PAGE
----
Daily Learning Notes for July 13th, 2017

Today I spent the whole afternoon pair programming with my friend and contributing to the open-source Food Oasis project, even though I was on the verge of falling asleep all day long. But I made it through, and I had fun and learned some new stuff. I also helped host a free film screening of “Hidden Figures” for a Women Who Code meetup, which I really enjoyed!

9:39am: At the usual coworking space, feeling very sleepy because I was up late and up early this morning too. But somehow I’m still starting sort of late today! Not sure what I want to work on. Just trying to stay awake and calm. I’m exhausted and sick of feeling so anxious and uncertain these days, and I just want to feel calm for a change! I just want to feel focused! Anyway, I have a couple ideas for what to work on today: I could start learning about Redux! Or I could work on the mob coding app some more and maybe learn how to use Babel and/or how to organize my code with modules. Yeah, maybe I should start there. Better to pick something at random than to spend too much time agonizing over the decision. OK, I’ll start by learning about Babel!

Notes on learning about Babel

First I’ll take stock of my initial questions, so I know what my starting point is. It’s always interesting to look back on my notes later, because once I know something well, I sometimes forget how it felt to not know it!

Initial questions and assumptions about Babel:

  • Assumption: Babel is a transpiler, basically like a compiler but instead of translating high-level code to low-level code, it translates one type of high-level code to another type of high-level code!

  • Assumption: Babel is just for JavaScript.

  • Does Babel have any competitors? Why is it so popular?

  • How do I actually use it in my projects? Do I include it as a dependency, like an npm package? Is it a command line tool?

  • If I were to compare writing ES5 style JavaScript to Babel-transpiled ES6 or ES7 JavaScript, how much more bloated would the transpiled code be? Is that something I should worry about?

  • Does “learning how to use Babel in my project” actually mean learning how to use a build tool like Webpack or one of those other tools I keep hearing about?

  • How much more complicated will this make my workflow?

OK, that’s a good start! Writing down the first questions that come to mind definitely gives me a better idea of how confused I am (or am not!) and should help guide me in my quest to find the right resources to learn from.

Initial links and notes on Babel:

  • Babeljs.io is the official site, and in big letters it says “Babel is a JavaScript compiler” – that answers that question!

  • “Babel is built out of plugins” and presets. Browsing Babel’s Twitter feed, I found this PHP preset that converts PHP syntax into JavaScript, lol! Of course I had to retweet that.

  • Babel is open-source and it currently has over 20,000 stars on GitHub. Cool!

  • They have an interactive setup guide that I’ll definitely look through, but at first glance, it’s super intimidating because it lists a million tools and frameworks and I don’t know what else!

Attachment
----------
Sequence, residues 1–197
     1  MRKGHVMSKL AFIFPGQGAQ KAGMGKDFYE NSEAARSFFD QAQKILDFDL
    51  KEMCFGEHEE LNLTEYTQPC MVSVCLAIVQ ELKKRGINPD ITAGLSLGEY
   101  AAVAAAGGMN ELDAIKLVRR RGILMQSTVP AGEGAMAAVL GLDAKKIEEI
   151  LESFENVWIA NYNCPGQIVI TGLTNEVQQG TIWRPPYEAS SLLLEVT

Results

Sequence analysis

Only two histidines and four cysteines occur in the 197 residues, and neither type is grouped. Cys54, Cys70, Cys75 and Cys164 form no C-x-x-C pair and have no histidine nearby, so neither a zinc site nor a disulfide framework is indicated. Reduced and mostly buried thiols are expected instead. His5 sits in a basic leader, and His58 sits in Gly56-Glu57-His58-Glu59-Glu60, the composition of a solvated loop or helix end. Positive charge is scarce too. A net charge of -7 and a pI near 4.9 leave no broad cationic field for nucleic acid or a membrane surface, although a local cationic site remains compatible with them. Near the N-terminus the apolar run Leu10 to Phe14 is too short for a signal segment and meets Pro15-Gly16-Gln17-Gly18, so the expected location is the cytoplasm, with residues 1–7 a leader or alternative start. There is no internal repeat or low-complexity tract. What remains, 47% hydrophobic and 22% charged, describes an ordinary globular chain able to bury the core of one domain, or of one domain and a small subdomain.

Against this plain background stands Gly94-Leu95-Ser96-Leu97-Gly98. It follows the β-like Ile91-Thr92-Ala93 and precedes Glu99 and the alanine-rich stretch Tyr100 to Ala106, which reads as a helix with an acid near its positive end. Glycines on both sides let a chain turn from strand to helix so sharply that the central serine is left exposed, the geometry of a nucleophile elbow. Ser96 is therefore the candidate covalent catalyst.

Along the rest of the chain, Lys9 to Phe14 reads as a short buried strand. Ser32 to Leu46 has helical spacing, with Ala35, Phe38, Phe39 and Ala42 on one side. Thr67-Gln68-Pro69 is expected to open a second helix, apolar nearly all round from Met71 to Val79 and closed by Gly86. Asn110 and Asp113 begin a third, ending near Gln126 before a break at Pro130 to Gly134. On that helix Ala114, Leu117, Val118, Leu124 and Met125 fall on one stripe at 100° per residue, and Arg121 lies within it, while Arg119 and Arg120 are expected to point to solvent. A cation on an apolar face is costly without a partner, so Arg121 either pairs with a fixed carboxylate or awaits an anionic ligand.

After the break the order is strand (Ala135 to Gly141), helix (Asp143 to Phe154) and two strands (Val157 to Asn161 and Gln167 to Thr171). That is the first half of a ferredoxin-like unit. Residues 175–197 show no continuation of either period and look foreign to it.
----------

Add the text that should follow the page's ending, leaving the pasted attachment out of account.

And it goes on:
• There is a command line interface for Babel “which can be used to compile files from the command line” and they recommend installing it locally for each project, not globally. You can also use the CLI to watch files and compile every time they’re changed.

  • There’s also a .babelrc file that defines presets.

  • According to the caveats page, certain features require polyfills.

  • You can use JavaScript source maps to make it much easier to debug your compiled code!

  • The env preset “automatically determines the Babel plugins you need based on your supported environments” – sounds cool!

10:22am: I’m not really sure what to do next with Babel, but a couple of my friends are coworking here today, and they had some stuff to show me! So I’m definitely going to take a look at that with them and maybe do some pair programming with them today. I just hope I’ll be awake enough today.

Notes from pair programming

I spent the rest of the day pair programming and not taking notes, so here’s a few notes that I remembered later:

  • I worked more on the Food Oasis site with my friend today, this time replacing the old GitHub OAuth flow with an actual GitHub app, so now users can submit locations without needing to log in or create a GitHub account at all! Yay!

  • I finally tried out using the Promise.all method and experimented with accomplishing the same thing with async functions. Cool stuff!

  • I learned about the HTML5 template tag, part of the whole Web Components thing I guess. Really nice!

  • I got to review some more stuff with Node, Express, the request-promise npm package, HTTP requests in general, and other random stuff like using template literals and more!

Wrapping up: Today was a nice surprise! I spent pretty much the whole day pair programming with my friend, contributing to an open source project, and then I helped host a free film screening of “Hidden Figures” at a tech company in Santa Monica and thoroughly enjoyed the film and the free pizza. Plus I met some interesting new people! The only downside is taking the Metro back home takes a while. I just made it onto the train, propping the doors open with a pizza box just as they were closing on me! (I’m tempted to eat all the pizza right now, because I didn’t eat all day.) I never did get to take a proper nap, but then I got a second wind tonight and I still feel OK right now! Honestly, I’m a bit surprised I made it through the day today. I was so sleepy most of the afternoon, I could barely see straight. I was pretty anxious on and off, but I guess overall I should still consider today a win. Every day that I make an effort is a win.